This course will introduce the student to the methods by which scientific knowledge is gained and organized. Topics are selected from three major areas of study: biology, chemistry and physics; these topics include science and the scientific method, the cell, human biology, introductory chemistry, energy simple machines and electricity. Other topics of interest to students may be investigated.
Science and the Scientific Method
- definitions and methodology
- experimental design and organizing data
- measurement and SI units
- science and technology
- cell theory, structure and function
- cell processes
- cell division
- cells, tissues, organs, systems
- skeletal system
- circulatory system
- respiratory system
- digestive system
- nervous system
- matter – measurement, states and properties
- periodic table
- atomic structure
- isotopes and atomic mass numbers
- compounds and formulas
- oxidation numbers
- writing formulas and naming compounds
- polyatomic ions
- basic concepts – force, work, energy, power
- forms of energy
- kinetic and potential
- Law of Conservation of Energy
- interchange of forms
- energy harnessed
- thermal energy – states of matter, heat transfer, specific and latent heat
- electrical energy – static and current electricity
- force and work
- measuring work and mechanical advantage
- simple machines – levers, inclined planes, wedges, screws, pulleys, wheel and axle
- other machines – gears, movable and compound pulleys, hydraulic systems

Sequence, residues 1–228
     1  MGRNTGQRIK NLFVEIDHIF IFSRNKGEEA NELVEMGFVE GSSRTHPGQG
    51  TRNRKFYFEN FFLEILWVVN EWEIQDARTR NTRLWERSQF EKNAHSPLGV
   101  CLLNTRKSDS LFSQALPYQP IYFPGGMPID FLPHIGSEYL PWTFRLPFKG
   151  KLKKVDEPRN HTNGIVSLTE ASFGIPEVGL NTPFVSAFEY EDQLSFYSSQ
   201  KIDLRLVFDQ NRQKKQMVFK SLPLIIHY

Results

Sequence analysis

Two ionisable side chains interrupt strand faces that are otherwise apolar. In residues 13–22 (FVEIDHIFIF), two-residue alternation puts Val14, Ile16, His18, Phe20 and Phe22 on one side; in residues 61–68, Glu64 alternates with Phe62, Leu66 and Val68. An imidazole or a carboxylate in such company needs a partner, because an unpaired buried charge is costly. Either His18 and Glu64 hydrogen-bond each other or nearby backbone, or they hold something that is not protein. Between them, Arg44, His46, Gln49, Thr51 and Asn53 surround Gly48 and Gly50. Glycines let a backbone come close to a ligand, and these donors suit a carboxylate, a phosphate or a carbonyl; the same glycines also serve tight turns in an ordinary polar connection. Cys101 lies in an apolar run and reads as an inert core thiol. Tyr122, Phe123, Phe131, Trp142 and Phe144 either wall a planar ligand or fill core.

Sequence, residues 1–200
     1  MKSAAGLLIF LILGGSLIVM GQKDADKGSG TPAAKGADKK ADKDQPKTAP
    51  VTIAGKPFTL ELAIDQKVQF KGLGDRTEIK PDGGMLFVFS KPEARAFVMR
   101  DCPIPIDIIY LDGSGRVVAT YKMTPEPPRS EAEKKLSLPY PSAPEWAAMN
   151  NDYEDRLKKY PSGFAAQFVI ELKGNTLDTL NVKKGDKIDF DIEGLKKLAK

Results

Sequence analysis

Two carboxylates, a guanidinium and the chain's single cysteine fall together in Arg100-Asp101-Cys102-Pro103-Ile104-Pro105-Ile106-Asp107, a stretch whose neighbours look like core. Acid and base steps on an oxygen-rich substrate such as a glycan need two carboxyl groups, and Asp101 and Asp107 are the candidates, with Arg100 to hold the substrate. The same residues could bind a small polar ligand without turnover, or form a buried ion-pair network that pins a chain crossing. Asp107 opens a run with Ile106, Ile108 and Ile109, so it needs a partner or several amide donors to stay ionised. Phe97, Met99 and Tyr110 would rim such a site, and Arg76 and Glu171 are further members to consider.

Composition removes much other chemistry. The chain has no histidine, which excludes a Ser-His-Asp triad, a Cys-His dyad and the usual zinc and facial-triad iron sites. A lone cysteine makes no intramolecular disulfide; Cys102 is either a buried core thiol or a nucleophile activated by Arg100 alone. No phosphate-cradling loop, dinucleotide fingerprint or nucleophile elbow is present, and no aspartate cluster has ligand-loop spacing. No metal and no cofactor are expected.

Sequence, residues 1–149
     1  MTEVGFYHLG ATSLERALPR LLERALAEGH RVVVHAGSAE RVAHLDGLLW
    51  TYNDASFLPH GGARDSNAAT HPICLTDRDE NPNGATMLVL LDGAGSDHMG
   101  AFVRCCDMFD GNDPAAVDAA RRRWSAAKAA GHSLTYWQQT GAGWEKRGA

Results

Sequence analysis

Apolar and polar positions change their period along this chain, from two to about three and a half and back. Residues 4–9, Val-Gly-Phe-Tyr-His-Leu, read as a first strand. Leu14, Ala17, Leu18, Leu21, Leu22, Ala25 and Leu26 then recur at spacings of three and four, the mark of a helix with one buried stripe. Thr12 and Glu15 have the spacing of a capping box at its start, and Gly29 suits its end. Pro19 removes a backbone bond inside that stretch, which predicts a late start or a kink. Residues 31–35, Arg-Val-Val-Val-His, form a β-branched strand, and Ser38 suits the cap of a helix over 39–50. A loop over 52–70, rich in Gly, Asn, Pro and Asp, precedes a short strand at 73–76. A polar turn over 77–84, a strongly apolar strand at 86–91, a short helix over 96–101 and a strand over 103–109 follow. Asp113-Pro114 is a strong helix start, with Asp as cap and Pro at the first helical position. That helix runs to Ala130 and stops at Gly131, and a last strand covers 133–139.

- AC and DC currents
- measuring current, resistence and voltage
- Ohm’s Law and related problems
- series and parallel circuits
- switches, fuses, breakers
Methods of Instruction
A combination of different instructional methods will be used in order to balance instructional efficiency with individual students needs. Small group instruction, individual assistance (in lab tutorial or scheduled appointments) and student directed learning will be selected where appropriate and possible.
Means of Assessment
A mastery model of on-going evaluation will be used. A student will have completed the course when he/she has demonstrated through satisfactory completion of exercises and assignments that the course objectives have been achieved.
Where formal tests of specific skills are used, mastery will be defined as a score of 80 percent or more. Progress will be monitored on a regular basis by the instructor in consultation with each student.
The student will be expected to maintain regular attendance and progress and to undertake independent learning as directed. Regular feedback and informal progress reports will be available from the instructor.
The aims of the course are to provide students with opportunities to:
- increase their understanding of the concepts and principles of science by considering topics selected from biology, chemistry and physics;
- acquire the skills and understand the processes and applications of science;
- recognize the uses and limitations of scientific methods;
- improve critical thinking skills.
MATU 0210 & MATU 0360 or permission of instructor
Course Guidelines for previous years are viewable by selecting the version desired. If you took this course and do not see a listing for the starting semester/year of the course, consider the previous version as the applicable version.
Below shows how this course and its credits transfer within the BC transfer system.
A course is considered university-transferable (UT) if it transfers to at least one of the five research universities in British Columbia: University of British Columbia; University of British Columbia-Okanagan; Simon Fraser University; University of Victoria; and the University of Northern British Columbia.
For more information on transfer visit the BC Transfer Guide and BCCAT websites.
If your course prerequisites indicate that you need an assessment, please see our Assessment page for more information.